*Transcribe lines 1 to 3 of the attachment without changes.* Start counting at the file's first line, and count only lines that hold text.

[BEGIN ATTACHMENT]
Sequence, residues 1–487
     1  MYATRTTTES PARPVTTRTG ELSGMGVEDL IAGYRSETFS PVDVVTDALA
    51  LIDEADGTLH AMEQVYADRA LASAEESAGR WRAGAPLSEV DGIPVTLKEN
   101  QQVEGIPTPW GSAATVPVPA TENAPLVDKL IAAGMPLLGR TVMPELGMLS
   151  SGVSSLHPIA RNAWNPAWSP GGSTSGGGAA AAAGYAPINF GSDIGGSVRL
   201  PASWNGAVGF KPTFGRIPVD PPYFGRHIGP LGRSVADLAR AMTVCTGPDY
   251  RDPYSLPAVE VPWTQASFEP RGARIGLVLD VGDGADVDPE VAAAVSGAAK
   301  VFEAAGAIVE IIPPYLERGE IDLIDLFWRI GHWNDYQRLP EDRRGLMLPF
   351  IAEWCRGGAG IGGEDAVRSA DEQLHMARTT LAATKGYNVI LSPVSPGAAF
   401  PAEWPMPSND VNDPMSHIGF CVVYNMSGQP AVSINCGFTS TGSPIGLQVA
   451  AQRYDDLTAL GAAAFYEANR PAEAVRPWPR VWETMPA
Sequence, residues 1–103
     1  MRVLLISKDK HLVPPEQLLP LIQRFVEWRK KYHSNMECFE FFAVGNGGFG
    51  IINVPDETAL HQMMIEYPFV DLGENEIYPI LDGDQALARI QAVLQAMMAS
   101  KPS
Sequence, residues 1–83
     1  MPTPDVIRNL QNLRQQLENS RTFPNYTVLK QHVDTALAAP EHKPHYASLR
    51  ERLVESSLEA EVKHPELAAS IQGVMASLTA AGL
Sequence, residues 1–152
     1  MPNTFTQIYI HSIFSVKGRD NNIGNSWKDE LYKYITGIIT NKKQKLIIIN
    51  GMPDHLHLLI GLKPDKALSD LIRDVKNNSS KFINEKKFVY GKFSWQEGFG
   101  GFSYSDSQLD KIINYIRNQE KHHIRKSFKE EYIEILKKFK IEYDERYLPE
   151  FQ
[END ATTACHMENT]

Sequence, residues 1–487
     1  MYATRTTTES PARPVTTRTG ELSGMGVEDL IAGYRSETFS PVDVVTDALA
    51  LIDEADGTLH AMEQVYADRA LASAEESAGR WRAGAPLSEV DGIPVTLKEN